BARABANKI, UTTAR PRADESH:As Ram Nath Kovind, India’s second Dalit President after KR Narayanan, took oath on Tuesday, there was hardly a ripple in Mubarakpur — a Dalit majority village just 30 km from Lucknow and 200 km from the Presidents’ hometown in Kanpur Dehat. There is no consensus about whether a Dalit taking over the country’s highest office would bring a change in the fortunes of the community.
The BJP had pitched the choice of Mr Kovind as an outreach to the Dalit community – a move seen as an attempt to expand its support base. It also divided the opposition, getting on board key opposition leader Bihar Chief Minister Nitish Kumar, and forced reluctant allies like Shiv Sena to support the government’s candidate.
The opposition pitched Meira Kumar, the daughter of Dalit icon Jagjivan Ram. Mayawati, who has a large support base among Dalits, followed up with a high optics resignation from Rajya Sabha claiming she wasn’t given enough time to raise issues related to the Dalit community.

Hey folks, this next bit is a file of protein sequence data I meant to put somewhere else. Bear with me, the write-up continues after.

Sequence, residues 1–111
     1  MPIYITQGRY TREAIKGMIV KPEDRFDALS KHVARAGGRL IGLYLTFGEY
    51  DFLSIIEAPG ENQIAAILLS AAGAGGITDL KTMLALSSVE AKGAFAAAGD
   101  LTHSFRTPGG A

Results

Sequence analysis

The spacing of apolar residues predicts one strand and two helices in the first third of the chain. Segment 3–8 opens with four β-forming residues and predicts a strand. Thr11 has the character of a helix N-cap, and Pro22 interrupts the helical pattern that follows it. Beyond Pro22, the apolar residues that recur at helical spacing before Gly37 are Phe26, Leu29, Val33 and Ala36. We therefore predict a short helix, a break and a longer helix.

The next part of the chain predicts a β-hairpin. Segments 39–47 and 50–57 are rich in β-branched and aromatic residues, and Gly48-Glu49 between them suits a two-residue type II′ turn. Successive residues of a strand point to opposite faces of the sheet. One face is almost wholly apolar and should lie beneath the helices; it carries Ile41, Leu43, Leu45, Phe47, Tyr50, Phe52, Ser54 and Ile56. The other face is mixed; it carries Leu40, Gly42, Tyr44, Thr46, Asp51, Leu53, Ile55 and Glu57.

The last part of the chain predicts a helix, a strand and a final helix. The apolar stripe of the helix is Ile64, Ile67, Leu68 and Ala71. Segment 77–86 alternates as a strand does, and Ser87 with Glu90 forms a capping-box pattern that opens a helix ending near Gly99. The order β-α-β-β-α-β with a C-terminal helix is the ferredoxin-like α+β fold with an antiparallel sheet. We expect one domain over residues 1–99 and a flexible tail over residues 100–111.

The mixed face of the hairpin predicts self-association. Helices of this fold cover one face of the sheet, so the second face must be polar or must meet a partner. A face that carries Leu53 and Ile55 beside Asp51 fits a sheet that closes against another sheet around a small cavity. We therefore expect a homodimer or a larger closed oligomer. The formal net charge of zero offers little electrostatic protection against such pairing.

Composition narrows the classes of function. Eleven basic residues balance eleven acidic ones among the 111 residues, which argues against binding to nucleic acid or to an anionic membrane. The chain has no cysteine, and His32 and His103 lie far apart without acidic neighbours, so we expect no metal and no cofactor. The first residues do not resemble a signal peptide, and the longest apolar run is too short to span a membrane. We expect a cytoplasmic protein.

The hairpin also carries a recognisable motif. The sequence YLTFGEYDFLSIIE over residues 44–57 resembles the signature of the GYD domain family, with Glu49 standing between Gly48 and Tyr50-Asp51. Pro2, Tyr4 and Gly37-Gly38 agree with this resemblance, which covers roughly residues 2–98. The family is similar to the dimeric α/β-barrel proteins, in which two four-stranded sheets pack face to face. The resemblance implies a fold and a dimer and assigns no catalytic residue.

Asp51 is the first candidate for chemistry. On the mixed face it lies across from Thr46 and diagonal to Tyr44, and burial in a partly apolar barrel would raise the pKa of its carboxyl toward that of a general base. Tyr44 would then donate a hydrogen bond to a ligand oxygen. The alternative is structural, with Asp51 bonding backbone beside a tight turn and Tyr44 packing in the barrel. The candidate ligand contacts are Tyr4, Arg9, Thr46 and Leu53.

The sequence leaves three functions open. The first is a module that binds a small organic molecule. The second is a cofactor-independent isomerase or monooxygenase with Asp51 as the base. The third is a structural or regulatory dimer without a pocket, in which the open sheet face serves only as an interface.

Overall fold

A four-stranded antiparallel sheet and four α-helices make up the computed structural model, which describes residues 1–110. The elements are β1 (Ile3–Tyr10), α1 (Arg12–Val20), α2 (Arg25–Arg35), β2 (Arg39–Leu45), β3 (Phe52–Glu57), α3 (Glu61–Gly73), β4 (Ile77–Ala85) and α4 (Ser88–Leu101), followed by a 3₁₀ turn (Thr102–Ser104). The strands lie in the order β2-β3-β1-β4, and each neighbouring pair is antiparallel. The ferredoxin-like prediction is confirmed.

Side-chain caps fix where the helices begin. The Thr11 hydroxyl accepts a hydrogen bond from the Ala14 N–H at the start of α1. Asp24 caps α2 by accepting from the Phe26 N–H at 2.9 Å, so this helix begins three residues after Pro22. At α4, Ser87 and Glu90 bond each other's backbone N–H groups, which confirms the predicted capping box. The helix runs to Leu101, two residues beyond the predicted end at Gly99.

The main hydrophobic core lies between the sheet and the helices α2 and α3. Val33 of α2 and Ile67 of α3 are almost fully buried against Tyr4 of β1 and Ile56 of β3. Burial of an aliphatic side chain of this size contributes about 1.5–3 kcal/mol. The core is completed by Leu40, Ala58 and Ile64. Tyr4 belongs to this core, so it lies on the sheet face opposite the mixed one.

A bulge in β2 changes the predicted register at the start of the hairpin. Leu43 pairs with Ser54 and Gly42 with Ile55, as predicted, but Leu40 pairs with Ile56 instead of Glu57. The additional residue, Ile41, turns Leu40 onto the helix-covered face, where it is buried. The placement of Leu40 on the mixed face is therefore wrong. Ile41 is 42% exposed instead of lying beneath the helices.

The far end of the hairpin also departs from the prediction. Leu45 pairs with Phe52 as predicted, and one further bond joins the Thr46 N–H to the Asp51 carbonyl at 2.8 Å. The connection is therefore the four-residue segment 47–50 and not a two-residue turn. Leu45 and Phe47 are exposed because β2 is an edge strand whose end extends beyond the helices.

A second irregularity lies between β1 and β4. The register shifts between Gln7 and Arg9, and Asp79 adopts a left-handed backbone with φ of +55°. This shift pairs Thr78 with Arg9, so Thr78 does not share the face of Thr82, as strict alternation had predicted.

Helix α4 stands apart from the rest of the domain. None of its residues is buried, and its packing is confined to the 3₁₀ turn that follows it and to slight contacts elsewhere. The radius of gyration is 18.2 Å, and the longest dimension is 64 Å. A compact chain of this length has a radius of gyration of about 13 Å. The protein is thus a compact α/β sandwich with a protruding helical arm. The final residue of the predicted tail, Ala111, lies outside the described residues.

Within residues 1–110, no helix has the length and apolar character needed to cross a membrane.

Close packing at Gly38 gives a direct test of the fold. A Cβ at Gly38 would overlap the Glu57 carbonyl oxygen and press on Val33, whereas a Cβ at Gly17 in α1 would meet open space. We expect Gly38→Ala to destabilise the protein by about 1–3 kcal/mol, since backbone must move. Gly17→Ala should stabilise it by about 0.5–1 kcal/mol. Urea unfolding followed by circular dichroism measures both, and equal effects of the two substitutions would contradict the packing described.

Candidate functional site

At the village chaupal or common gathering centre of Mubarakpur – where 600 of the village’s 1000 residents are Dalits – the subject generated mild interest.
Ravi Kumar, a 30-year-old pharmacist and a Dalit, pointed to a statue of Bhim Rao Ambedkar some 200 m away. Installed in the ’90s, the statue stands on unkempt grass. A boundary wall came up recently, funded by villagers and not the government, Mr Kumar stressed.
President Ram Nath Kovind may be a Dalit but “when we benefit on the ground, only then we will agree that there could be some advantage. When a person soars very high, sometimes he forgets to look below. So we will wait and watch,” he said of the new president.
Seated next to him, 52-year old marginal farmer Pyarelal Gautam disagreed. “We have hopes that our social status will improve. He is from the Dalit community. I’m sure he will raise issues related to us,” said Mr Gautam.
In Barabanki’s Raghai village, 5 km from Mubarakpur and with a sizeable Dalit population, many are unaware who Ram Nath Kovind is.
Rukmani devi, whose family of five can barely make ends meet, has heard of the new president but says toilets and better drainage facilities in her village are much more pressing issues. “If the president has come from a poor family, perhaps he will understand the problems of the poor. But this is all about politics and opportunism at the end of the day,” she said.